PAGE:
"Like BookScout, our verticals also share books across all publishers for a genuine book-discovery experience," she added.
Beyond the publisher's ongoing work to form and maintain a strong online presence, Random House publicists are also working the digital marketing front.
"Publicity hits are posted on Facebook and Twitter complete with appropriate tags," Kittle noted. "We're very proactive, posting giveaways on Goodreads and more."
Other Big Publishers
Random House isn't the only big publisher charging the digital field.
"We are very excited about the ways that social media and digital marketing enable us as a publisher to engage with readers directly, and enable readers to discover books organically through recommendations from their friends," Sara Baker, digital media and social marketing manager at Globe Pequot Press, told the E-Commerce Times.
"As a publisher we can help that process along in several ways," Baker added.
Globe Pequot Press helps readers discover its titles by leveraging Amazon's Goodreads, including through the advance giveaways of books and galleys.
"For example, for The Kids' Outdoor Adventure Book, we had 1,200 people enter to win one of 10 free copies," Baker explained. "That might not sound like a lot compared to a fan fiction title, but in the outdoor/guide genre, it's a very strong number.
"Goodreads users are great about writing early reviews and adding books to their shelves, which builds buzz and helps elevate that particular title in searches," she added.
Globe Pequot Press also builds its own online communities to attract readers.
Falcon.com, for example, is the publisher's online community for outdoor enthusiasts.
"Members who visit Falcon.com can access exclusive interviews with top hikers, climbers and others in the outdoor world, and can share their own outdoor adventures with each other," Baker pointed out.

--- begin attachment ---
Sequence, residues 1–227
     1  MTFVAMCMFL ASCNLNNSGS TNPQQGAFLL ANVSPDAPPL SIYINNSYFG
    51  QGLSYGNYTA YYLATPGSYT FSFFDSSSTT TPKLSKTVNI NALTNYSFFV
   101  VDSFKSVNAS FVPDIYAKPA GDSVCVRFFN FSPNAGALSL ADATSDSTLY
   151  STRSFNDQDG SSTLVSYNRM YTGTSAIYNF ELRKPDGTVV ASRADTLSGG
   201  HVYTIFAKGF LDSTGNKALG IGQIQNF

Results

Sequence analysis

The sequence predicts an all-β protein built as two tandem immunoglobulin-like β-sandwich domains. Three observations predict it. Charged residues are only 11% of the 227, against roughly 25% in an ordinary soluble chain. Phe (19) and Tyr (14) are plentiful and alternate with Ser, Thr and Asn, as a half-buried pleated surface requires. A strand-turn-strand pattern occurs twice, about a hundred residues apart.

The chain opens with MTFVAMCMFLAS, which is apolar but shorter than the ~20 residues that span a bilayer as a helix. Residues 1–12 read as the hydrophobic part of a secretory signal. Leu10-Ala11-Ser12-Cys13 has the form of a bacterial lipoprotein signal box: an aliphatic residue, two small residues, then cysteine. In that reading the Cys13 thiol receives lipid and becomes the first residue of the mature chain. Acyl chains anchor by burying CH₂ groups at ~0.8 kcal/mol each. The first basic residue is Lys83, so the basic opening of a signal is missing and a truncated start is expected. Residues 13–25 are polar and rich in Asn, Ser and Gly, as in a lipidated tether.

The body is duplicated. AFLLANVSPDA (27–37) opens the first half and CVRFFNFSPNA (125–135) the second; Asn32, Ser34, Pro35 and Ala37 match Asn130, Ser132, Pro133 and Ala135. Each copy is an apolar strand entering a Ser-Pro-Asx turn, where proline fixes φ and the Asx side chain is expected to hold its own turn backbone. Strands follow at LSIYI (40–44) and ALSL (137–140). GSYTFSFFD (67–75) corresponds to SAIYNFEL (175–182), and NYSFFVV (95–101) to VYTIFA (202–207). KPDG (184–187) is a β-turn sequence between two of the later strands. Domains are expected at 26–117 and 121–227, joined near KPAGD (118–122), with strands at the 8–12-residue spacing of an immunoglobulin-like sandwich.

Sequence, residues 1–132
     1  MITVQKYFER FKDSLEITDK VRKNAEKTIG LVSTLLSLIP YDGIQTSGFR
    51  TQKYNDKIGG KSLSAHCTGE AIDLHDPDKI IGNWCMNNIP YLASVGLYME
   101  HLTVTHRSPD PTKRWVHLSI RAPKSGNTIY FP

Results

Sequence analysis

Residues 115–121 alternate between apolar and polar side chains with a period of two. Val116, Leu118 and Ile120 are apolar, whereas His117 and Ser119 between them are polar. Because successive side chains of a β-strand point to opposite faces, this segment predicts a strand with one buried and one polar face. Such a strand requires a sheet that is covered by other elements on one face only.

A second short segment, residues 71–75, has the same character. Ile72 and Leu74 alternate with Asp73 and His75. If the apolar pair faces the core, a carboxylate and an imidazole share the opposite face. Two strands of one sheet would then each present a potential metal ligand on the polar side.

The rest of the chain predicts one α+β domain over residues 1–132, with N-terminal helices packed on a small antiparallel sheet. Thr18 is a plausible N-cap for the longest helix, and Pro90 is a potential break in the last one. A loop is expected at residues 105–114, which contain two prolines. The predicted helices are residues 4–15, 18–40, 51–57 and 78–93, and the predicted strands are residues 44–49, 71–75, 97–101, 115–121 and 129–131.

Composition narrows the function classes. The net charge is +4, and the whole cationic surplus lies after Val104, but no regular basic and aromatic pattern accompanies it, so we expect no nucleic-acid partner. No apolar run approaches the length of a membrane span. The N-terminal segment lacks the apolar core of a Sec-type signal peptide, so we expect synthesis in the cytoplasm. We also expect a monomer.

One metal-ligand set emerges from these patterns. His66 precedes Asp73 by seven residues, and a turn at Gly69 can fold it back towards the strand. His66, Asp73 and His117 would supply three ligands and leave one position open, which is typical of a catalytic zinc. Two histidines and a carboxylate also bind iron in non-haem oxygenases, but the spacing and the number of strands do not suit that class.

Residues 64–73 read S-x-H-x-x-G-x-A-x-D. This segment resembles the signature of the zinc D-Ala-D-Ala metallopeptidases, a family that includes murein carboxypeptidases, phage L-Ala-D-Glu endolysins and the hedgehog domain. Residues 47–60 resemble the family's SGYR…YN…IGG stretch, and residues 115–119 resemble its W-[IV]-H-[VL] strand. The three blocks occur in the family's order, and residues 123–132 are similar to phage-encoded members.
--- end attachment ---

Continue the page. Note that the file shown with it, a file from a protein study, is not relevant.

"We then communicate to those users via the site and through a monthly e-newsletter that enables us to offer special members-only promotions," she added. "The next step is to use the information we get from that core of committed fans to make strategic decisions about future editorial products."
Small publishers use digital marketing tactics to push their titles and authors too.
"It's especially important and advantageous for small presses to have a strong online presence -- this levels the playing field a bit, since many of us don't have big marketing budgets for ads, bookstore displays and promotion and other 'traditional' marketing," Midge Raymond, co-founder of Ashland Creek Press, told the E-Commerce Times.
Not all of them step with both feet onto that level playing field, however.
"I use social media somewhat, mostly for announcing new title releases and trying to nudge people ever-so-gently to check out one of my published titles without turning them off or ticking them off," offered Michael White, founder and managing editor of Parson Place Press.
"To date, I haven't gotten involved on Goodreads or Shelfari, but I hope to eventually," White told the E-Commerce Times. "I simply don't have enough time to spend on all of these sites because of working on other titles for publication, promotion, etc."
LinkedIn, Twitter and Facebook are the sites that currently account for most of White's online time, he said.
"Whenever I post an update on LinkedIn, it is automatically posted on Twitter within seconds, which in turn posts it on Facebook within seconds after that," he explained. "My personal blog also updates to LinkedIn, which starts the chain reaction once again.